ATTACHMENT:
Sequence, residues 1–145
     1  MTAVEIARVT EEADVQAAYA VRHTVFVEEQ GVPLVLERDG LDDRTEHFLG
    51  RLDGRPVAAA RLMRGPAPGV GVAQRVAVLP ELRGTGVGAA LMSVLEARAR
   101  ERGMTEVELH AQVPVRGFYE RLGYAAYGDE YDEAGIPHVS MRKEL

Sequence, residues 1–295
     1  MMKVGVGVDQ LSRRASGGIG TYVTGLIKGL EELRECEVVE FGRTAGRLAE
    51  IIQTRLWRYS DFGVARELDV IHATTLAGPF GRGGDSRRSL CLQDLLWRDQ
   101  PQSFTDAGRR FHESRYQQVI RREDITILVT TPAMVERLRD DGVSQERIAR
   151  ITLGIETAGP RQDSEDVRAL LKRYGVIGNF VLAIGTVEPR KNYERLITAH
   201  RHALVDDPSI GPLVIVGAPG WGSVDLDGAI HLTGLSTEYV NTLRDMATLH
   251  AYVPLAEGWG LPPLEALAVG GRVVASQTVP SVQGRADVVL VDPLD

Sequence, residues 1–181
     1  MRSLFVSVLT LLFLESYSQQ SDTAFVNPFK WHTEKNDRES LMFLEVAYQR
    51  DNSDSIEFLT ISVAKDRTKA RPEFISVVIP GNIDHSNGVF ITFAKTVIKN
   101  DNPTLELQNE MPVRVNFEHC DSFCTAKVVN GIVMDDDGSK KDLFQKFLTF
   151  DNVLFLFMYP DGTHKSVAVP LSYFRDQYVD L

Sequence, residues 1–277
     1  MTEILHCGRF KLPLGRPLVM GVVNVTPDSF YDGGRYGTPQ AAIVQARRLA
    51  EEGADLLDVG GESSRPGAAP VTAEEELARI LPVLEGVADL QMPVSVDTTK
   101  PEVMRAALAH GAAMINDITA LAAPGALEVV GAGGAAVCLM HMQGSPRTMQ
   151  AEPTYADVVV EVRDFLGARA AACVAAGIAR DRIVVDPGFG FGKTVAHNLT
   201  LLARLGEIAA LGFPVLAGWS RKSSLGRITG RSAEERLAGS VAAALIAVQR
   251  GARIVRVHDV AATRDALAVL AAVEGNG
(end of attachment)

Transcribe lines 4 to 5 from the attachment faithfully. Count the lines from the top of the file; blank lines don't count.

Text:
   101  ERGMTEVELH AQVPVRGFYE RLGYAAYGDE YDEAGIPHVS MRKEL

Sequence, residues 1–295